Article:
Dog’s be­hav­ior tied to loss of loved one

Sun Sentinel Broward Edition - - Movies - Send ques­tions, sto­ries and tips to cathy@pet­pun­dit.com. Cathy Rosen­thal

Dear Cathy: We are friends with an el­derly cou­ple who adopted a young res­cue about 10 years ago.

The wife passed away about a month ago, and sud­denly the dog is pee­ing on the car­pet three times in one day, even though he has a dog­gie door that he does con­tinue to use reg­u­larly.

This has been go­ing on for a cou­ple of days, and the house­keeper is get­ting pretty up­set about it. She tried the age-old rem­edy of rub­bing the dog’s nose in the pee spot, and he growled at her.

What now? — Nancy, Glas­ton­bury, CT

Dear Nancy: This dog is in grief over the loss of his owner.

When some­one dies, an­i­mals of­ten grieve through changes in be­hav­iors, which may re­sult in more sleep­ing, more lethar­gic be­hav­iors, and even in­ap­pro­pri­ate elim­i­na­tion in the home.

Rub­bing the dog’s nose in the pee spot has never worked to change a be­hav­ior. The best way to re­store nor­mal be­hav­iors is to give the dog lots of love and at­ten­tion. But, keep in mind, it’s not un­com­mon for a dog or cat to grieve for a loved one for many weeks and months.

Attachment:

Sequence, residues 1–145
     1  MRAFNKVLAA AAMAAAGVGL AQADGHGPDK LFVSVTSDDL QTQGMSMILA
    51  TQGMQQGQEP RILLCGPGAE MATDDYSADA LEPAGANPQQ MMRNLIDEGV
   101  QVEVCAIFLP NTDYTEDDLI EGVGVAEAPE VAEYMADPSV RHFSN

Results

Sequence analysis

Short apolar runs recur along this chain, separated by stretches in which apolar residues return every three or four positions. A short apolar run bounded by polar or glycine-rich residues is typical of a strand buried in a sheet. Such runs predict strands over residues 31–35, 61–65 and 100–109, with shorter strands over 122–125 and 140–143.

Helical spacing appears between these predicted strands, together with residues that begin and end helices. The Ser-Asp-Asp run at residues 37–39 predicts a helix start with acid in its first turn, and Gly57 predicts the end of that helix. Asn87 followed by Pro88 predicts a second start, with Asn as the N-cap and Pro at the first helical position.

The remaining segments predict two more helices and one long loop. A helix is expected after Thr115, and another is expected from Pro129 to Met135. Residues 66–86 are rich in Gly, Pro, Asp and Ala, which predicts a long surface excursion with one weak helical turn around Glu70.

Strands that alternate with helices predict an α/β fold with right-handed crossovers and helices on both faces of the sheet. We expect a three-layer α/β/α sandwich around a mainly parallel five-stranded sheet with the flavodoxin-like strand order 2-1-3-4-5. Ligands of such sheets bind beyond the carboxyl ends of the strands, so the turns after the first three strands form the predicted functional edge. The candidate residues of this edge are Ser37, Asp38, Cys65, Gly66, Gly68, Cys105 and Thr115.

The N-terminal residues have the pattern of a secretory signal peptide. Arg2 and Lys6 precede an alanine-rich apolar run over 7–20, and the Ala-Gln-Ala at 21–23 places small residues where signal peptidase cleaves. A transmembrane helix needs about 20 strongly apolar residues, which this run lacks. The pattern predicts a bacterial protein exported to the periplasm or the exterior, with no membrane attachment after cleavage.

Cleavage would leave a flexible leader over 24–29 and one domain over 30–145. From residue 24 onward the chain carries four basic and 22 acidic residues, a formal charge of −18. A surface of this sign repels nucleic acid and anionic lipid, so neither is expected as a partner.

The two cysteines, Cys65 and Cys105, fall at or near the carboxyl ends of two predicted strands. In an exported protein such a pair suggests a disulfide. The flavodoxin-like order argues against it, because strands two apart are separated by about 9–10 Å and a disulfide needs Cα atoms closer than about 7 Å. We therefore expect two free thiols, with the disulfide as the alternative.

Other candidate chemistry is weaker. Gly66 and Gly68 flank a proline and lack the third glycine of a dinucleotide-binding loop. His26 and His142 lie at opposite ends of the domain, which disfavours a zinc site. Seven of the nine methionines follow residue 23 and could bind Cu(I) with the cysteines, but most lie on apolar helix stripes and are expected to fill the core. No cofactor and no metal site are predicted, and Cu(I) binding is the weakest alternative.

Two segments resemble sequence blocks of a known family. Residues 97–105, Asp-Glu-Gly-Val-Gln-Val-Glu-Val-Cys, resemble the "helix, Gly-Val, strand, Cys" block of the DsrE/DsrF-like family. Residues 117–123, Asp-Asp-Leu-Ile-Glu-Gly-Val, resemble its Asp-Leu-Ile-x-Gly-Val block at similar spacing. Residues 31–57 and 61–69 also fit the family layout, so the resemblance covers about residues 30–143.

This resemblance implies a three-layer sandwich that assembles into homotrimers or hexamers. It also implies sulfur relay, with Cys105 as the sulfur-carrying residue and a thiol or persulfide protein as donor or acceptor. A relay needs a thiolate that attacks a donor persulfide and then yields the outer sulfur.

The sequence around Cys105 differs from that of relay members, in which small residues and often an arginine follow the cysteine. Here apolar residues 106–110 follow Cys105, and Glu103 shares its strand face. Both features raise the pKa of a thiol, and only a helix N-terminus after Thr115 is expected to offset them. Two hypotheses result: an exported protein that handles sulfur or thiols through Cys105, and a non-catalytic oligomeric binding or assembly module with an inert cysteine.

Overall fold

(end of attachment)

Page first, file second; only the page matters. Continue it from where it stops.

As for the in­ap­pro­pri­ate elim­i­na­tion in­side the home, tell the house­keeper and the wid­ower to act like they are house­train­ing a new dog.

What that means is, they need to take the dog out to re­lieve him­self af­ter ex­er­cise and play, af­ter he wakes up, af­ter he eats, and be­fore bed­time — just like with a puppy.

They should see an im­prove­ment within a few days but should con­tinue to do this train­ing con­sis­tently for a few weeks to en­sure it sticks.

If the elim­i­na­tion con­tin­ues, the dog could have de­vel­oped a health prob­lem that may have re­sulted from grief or just co­in­ci­den­tally over­lapped with the death of his loved one.

In ei­ther case, he may need to see a vet­eri­nar­ian for a health exam.

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